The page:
Feb. 1 (Bloomberg) -- Sojitz Corp., the smallest of Japan’s six major commodity suppliers, named finance chief Yoji Sato as president and chief executive officer to help weather the debt crisis in Europe.
“When you have to deal with the sovereign debt crisis in Europe and the issue of a very strong yen, it’s best that the CFO, who is a specialist in the financial field, as well as having experience of two postings in the U.S., takes charge,” outgoing CEO Yutaka Kase told reporters in Tokyo today. Kase will become chairman, with the changes effective April 1.
Sato, a 39-year veteran of the trading house, takes over a company that has focused on rare earths investments and energy to boost earnings. The company’s shares have slumped 78 percent since reaching a peak on July 20, 2007.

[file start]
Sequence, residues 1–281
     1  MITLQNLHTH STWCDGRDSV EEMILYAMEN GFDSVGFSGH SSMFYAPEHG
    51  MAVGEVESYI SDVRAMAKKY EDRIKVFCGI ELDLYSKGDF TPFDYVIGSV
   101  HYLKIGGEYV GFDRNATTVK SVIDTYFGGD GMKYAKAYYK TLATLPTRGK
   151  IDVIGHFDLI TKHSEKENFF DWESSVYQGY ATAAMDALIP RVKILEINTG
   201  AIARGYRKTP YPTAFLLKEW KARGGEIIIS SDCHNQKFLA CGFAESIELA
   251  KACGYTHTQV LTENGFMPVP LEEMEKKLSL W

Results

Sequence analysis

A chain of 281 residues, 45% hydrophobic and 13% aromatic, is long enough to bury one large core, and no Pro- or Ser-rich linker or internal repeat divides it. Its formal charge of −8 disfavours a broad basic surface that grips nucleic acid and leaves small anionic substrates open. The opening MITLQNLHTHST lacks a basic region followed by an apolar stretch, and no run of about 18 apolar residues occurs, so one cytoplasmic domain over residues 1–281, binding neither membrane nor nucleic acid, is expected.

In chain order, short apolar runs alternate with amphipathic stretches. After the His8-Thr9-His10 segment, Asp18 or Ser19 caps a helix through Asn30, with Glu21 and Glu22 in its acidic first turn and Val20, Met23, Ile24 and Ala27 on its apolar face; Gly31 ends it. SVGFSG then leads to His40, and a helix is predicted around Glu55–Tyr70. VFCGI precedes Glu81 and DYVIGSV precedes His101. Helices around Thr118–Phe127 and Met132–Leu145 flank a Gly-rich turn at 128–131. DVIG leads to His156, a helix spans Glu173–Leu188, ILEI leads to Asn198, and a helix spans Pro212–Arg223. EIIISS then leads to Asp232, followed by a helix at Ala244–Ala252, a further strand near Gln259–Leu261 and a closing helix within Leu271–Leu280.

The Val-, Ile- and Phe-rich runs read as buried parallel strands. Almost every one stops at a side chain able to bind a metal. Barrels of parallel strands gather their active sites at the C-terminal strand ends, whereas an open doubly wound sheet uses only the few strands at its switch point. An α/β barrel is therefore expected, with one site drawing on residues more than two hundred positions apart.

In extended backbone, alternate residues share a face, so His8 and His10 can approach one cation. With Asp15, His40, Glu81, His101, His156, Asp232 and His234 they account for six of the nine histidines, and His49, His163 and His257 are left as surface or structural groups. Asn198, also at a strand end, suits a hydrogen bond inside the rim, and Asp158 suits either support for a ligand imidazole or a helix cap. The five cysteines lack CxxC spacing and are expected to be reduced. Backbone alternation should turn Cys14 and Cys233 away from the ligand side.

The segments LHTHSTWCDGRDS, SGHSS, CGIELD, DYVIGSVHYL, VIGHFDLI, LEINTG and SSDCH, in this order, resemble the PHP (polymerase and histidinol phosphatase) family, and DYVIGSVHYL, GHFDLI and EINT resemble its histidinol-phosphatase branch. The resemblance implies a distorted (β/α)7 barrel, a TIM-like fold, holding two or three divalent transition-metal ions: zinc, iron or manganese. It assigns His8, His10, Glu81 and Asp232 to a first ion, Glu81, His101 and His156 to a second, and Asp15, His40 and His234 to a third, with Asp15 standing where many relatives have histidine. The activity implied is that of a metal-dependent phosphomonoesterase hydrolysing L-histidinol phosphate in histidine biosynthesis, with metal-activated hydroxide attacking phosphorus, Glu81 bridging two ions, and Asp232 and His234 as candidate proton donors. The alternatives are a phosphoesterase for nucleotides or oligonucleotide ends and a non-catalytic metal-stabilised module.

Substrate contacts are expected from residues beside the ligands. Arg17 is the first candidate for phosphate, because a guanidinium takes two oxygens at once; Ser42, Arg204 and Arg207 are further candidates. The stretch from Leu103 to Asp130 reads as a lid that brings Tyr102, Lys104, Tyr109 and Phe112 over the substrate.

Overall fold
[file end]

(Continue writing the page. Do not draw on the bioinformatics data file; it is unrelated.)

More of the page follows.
Sato, 62, owns $152,529 worth of shares in Sojitz, which has climbed 11 percent since the start of the year on the Tokyo Stock Exchange, according to data compiled by Bloomberg.
Sojitz’s operating profit for the three months through December jumped 38 percent to 38.6 billion yen ($508 million), the company said today. The net loss for the period was 13.5 billion yen due to a change in Japan’s corporate tax rate, the company said.
Sojitz on Dec. 9 forecast an annual net loss of 12 billion yen for the year ending March 31 because of the tax change. Sales and operating profit wouldn’t be affected, the company said at the time.
--Editors: John Chacko, Alex Devine
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